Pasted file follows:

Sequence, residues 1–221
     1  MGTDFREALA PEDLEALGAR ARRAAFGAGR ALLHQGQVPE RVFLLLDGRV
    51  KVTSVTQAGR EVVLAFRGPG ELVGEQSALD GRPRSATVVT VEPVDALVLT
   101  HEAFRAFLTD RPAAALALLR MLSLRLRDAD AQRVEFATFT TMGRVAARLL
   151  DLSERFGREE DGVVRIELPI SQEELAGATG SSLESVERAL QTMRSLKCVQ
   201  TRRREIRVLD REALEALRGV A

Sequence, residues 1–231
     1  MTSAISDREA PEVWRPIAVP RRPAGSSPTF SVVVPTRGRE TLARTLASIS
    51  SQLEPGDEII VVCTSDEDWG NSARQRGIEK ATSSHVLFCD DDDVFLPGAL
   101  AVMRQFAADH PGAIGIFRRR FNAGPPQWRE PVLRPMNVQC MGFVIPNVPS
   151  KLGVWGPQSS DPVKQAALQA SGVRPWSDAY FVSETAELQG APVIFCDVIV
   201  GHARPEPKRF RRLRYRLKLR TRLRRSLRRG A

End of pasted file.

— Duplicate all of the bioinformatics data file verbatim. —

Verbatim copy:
Sequence, residues 1–221
     1  MGTDFREALA PEDLEALGAR ARRAAFGAGR ALLHQGQVPE RVFLLLDGRV
    51  KVTSVTQAGR EVVLAFRGPG ELVGEQSALD GRPRSATVVT VEPVDALVLT
   101  HEAFRAFLTD RPAAALALLR MLSLRLRDAD AQRVEFATFT TMGRVAARLL
   151  DLSERFGREE DGVVRIELPI SQEELAGATG SSLESVERAL QTMRSLKCVQ
   201  TRRREIRVLD REALEALRGV A

Sequence, residues 1–231
     1  MTSAISDREA PEVWRPIAVP RRPAGSSPTF SVVVPTRGRE TLARTLASIS
    51  SQLEPGDEII VVCTSDEDWG NSARQRGIEK ATSSHVLFCD DDDVFLPGAL
   101  AVMRQFAADH PGAIGIFRRR FNAGPPQWRE PVLRPMNVQC MGFVIPNVPS
   151  KLGVWGPQSS DPVKQAALQA SGVRPWSDAY FVSETAELQG APVIFCDVIV
   201  GHARPEPKRF RRLRYRLKLR TRLRRSLRRG A